I have gradually built my life up again since my first visit to Nepal. I had been working on an Education Reform project in Qatar, using my 14 years' experience of secondary mathematics teaching in the UK. I tried returning to work in a UK school shorty after my trip, but just could not handle it, so I retrained to teach English as a foreign language. My working life became rich and varied due to my love of travelling and experience in both mathematics and English Language. I worked in Turkey, Libya, Abu Dhabi, Thailand, Egypt and Moscow. It was during my time at an international school in Moscow that I felt drawn to Nepal again. Time does heal, but I was experiencing some unsettling feelings and emptiness. When I contacted Philip to see if I would be of any use for a long-term volunteer post in Nepal, he was very keen.

September 2018 saw me back on a plane to Kathmandu. The plan was to use my educational experience to help with the non-formal education programme in the children's refuge and also gathering material for use on social media and for reports. I was a very different person in many ways this time as I was definitely so much stronger than I had been the first time. I may have changed, but many other things had not. Kathmandu was still the same glorious, hectic, cauldron of life, albeit still damaged from the 2015 earthquake. The children I met were obviously not the same ones, but they too had horrendous stories that did not stop their heart-warming smiles from shining through. The other constant was the fact that no matter what I gave, whether it was time, experience, love, I still got it back, ten times over!

Nepal is firmly in my heart now, as are many of the people I met there. When the opportunity arose to become a trustee of Pipal Tree and build on the existing connection, I was so pleased. Having seen first-hand the situation for many in the country, I am so excited to be involved with the upcoming projects, especially around education, in which I have an obvious interest.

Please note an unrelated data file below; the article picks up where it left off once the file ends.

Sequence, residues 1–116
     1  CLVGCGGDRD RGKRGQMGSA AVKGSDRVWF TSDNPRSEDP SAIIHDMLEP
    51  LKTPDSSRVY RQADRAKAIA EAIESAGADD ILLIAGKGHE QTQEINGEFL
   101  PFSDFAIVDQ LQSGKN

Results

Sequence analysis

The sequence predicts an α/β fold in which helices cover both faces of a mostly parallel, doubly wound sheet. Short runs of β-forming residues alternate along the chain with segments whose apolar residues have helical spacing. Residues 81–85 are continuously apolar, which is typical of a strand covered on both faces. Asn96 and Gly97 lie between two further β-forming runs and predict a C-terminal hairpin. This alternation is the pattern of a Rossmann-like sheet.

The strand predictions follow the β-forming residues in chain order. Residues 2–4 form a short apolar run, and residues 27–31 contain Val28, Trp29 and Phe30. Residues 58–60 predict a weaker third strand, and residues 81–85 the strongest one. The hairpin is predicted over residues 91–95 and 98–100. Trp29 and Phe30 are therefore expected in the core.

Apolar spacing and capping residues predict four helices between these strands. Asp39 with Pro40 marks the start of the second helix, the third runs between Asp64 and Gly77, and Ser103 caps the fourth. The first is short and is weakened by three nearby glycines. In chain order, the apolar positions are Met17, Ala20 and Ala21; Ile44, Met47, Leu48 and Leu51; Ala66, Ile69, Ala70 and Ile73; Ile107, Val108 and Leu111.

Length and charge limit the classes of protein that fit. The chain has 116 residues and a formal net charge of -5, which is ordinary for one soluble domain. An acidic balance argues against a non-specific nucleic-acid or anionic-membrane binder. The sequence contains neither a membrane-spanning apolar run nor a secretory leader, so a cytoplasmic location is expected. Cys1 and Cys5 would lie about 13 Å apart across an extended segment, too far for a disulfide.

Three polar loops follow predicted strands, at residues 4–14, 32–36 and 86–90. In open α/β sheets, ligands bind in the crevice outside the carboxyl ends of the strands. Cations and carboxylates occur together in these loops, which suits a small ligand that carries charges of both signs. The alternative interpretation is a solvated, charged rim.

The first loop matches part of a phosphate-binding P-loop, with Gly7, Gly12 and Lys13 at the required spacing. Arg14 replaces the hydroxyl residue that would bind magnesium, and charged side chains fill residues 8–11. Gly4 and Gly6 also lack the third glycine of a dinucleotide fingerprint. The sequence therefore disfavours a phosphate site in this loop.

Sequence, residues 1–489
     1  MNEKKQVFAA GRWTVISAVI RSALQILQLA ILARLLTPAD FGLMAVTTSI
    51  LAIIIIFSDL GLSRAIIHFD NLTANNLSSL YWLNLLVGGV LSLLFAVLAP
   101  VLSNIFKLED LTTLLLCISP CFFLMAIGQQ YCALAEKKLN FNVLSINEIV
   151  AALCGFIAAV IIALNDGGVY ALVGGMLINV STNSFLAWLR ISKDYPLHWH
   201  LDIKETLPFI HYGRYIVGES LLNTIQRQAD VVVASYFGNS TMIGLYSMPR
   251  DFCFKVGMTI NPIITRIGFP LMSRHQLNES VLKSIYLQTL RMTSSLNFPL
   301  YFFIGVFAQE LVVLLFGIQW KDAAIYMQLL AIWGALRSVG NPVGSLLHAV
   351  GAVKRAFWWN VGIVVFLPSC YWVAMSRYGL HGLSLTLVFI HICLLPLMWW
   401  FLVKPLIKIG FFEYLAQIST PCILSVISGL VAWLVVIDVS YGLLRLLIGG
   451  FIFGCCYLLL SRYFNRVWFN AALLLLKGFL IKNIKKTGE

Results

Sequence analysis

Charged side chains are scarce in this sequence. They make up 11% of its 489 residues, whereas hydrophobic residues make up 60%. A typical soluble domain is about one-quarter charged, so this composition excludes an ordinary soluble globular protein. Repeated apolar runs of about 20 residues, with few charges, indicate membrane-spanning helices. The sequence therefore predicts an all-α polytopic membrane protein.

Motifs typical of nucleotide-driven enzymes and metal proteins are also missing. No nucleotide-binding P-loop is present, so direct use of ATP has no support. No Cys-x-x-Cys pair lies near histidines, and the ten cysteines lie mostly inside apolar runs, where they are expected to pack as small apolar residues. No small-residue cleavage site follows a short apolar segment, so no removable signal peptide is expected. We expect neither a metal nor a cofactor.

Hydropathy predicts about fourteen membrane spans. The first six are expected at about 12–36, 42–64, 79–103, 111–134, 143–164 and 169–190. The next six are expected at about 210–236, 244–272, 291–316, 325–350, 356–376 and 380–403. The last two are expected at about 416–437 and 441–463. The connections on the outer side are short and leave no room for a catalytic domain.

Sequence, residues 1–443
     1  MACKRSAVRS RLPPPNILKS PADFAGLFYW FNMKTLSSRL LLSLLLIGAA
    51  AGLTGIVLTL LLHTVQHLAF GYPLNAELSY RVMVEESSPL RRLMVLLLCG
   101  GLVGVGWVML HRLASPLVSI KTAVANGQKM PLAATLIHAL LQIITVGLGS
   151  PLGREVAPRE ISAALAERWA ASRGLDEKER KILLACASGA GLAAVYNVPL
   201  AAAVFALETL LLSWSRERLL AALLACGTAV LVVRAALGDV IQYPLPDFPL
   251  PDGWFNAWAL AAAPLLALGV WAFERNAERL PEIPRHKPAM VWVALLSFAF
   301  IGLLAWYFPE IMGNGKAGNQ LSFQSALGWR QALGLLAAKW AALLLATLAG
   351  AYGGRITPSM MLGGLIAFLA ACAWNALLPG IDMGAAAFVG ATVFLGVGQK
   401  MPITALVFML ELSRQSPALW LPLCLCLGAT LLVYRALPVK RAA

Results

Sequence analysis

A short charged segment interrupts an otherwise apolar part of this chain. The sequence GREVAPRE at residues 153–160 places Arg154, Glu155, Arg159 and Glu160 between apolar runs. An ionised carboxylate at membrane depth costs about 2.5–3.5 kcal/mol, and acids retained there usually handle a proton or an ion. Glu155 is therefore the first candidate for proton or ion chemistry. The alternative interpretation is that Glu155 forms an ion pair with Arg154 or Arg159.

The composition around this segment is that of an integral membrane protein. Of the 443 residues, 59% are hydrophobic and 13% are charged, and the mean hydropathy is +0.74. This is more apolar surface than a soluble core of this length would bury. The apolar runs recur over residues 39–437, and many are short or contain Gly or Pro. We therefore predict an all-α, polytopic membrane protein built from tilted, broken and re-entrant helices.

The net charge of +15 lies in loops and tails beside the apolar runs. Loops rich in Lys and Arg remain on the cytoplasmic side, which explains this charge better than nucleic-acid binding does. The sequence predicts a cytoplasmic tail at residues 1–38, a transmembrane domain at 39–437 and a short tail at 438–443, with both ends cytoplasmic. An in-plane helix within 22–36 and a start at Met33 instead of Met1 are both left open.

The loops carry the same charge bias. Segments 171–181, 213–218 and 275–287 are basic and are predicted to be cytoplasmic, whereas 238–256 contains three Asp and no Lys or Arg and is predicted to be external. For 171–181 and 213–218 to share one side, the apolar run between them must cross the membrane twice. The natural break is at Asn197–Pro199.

There are some incredible initiatives on the horizon that really engage the whole community in the education system and address the very real issues around climate and environment. Our partner organisation, Mithila Wildlife Trust, has a wealth of experience in the local ecosystem and are planning to build a hands-on, practical course for students that takes the theory from the national school curriculum into the field. Another plan is to train young women from around 20 local disadvantaged families on how to gather seeds from native plant species and set up home-nurseries. This involvement of community is key to success, and will be further enhanced by opportunities for staff, students and families to come together and learn useful life skills, as well as providing a source of income.

Schools in the area in which we work are traditionally neglected due to the majority of students being from the Dalit community and therefore perceived as less important. This makes the establishment of a computer lab, high-quality teacher training, well-equipped classrooms and student reward systems all the more valuable. They will really give these young people the opportunities they deserve. I see education as being a key factor to improving conditions and combining this with the wider society beyond the classroom should have a longer lasting impact that sees real change happen. You can be a part of it too!